Publication Date

12-1-1997

Degree Program

Department of Chemistry

Degree Type

Master of Science

Abstract

The relatively recent interest in the U.S. in the development of atmospheric fluidized bed combustion (AFBC) has been preceded by two main factors. First of these is the ever present problem of acid rain and growing public support for cleaner burning fossil fuels. Second is the increasing demand on public landfills and subsequent need for burning of municipal solid waste. From these factors and their corresponding influences, Western Kentucky University has the impetus and has received the financial assistance necessary to build and develop a laboratory scale AFBC system. A brief history of the events leading to this development, as well as selected results from the last 12 months of this project are discussed.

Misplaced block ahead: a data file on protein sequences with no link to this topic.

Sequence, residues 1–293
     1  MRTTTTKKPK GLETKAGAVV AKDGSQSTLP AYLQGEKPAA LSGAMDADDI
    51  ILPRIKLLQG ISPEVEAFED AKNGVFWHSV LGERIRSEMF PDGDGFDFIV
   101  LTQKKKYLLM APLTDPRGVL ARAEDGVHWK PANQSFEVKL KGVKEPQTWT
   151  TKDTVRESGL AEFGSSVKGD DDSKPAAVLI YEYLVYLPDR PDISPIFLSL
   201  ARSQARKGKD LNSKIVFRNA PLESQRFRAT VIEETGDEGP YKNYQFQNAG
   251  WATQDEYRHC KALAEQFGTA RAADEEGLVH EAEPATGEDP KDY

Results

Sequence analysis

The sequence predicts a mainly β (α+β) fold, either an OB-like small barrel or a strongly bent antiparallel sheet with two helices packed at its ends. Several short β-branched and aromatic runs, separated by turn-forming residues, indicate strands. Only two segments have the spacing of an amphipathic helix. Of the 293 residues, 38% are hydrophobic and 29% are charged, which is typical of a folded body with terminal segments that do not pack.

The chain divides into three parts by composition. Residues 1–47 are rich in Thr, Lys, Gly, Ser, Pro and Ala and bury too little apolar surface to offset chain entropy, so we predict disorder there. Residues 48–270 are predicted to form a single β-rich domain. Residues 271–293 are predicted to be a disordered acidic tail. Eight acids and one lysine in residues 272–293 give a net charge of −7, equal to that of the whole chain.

Disciplines

Chemistry | Earth Sciences | Environmental Health and Protection